“If greenhouse gas regulations as envisioned by the ANPR went into effect, Michigan agriculture would be dramatically impacted, negatively. Nearly one-third of the hog and beef farms and over 70 percent of the dairy farms would be affected. Depending on the cost of the fee, these requirements could eliminate livestock agriculture in Michigan. Furthermore, educational institutions (i.e., high school agri-science and land grant universities) with livestock farm components would be faced with superfluous financial burdens.”
“The principal contributor to the ongoing contraction of the U.S. live cattle industry is the lack of profitability for independent U.S. cattle producers – a problem that would be greatly exacerbated if the industry were saddled with yet another regulatory cost under the hypothetical regulation of greenhouse gas emissions under the Clean Air Act.” Link to Document
New York Farm Bureau
“The impact to New York’s dairy industry would be devastating. The cost per year for New York (627,000 mature dairy cattle X $175.00 per cow) would be a staggering $109,725,000 million. There is little doubt that this would result in a significant loss of our dairy industry and working farmland, as well as put up an insurmountable barrier to entry into the dairy industry for our young farmers.”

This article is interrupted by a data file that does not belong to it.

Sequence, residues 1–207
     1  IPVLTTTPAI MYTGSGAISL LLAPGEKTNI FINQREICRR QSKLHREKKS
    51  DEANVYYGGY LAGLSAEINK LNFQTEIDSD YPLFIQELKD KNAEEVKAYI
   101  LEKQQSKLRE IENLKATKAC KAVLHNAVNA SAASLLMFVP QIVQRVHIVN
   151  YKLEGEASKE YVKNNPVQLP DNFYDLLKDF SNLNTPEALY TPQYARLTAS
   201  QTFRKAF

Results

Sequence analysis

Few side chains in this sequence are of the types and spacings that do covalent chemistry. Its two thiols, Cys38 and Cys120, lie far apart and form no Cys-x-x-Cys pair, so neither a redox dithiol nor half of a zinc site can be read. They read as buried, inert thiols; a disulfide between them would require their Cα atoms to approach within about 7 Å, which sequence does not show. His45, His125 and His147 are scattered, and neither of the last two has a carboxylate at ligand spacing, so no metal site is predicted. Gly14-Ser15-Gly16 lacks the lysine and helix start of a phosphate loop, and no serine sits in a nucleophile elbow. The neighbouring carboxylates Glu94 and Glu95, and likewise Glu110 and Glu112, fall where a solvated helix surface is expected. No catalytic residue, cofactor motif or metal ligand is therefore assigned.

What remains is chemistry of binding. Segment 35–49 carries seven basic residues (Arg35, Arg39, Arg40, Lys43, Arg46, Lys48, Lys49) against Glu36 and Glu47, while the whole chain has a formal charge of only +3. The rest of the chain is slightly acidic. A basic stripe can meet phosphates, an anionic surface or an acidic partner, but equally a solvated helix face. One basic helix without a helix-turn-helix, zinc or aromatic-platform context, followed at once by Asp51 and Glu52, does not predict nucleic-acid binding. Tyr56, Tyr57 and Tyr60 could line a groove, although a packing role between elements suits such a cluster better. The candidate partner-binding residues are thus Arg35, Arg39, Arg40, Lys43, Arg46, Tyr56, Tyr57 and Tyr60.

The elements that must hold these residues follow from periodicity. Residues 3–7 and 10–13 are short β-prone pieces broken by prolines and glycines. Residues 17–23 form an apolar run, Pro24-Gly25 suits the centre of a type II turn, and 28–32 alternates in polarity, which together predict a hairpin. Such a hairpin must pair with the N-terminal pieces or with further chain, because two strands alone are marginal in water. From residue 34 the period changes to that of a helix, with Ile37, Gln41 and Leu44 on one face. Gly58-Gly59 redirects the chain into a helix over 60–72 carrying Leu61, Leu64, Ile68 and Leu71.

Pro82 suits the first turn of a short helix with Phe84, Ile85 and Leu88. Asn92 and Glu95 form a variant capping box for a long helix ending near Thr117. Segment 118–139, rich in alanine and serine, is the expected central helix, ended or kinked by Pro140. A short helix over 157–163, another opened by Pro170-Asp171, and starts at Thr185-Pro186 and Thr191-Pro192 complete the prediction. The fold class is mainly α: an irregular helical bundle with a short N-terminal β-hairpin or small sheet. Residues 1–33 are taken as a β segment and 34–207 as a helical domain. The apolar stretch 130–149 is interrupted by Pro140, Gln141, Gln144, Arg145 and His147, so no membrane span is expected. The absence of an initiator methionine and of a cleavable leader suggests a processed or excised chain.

Arkansas Farm Bureau
“According to the SEIT worksheet just 33.3 acres of rice would trigger the small emitter threshold of 100 tons which would envelop 100% of Arkansas rice production. This equates to a ‘fee’ of $131.25 per acre. Arkansas average acreage planted to rice has been approximately 1.3 million acres equating to a potential annual ‘fee’ of $170,625,000…Combining the potential ‘fees’ for rice production and soil management brings the annual total to over $1.4 billon.”
“Compared to other states known for their dairy and swine production, Arkansas is mostly small farms. Small farms do not have the economies of scale to absorb these costs and do not have the ability to pass these costs up the supply chain. The end result will be the forced extinction of many more small farms.” Link to Document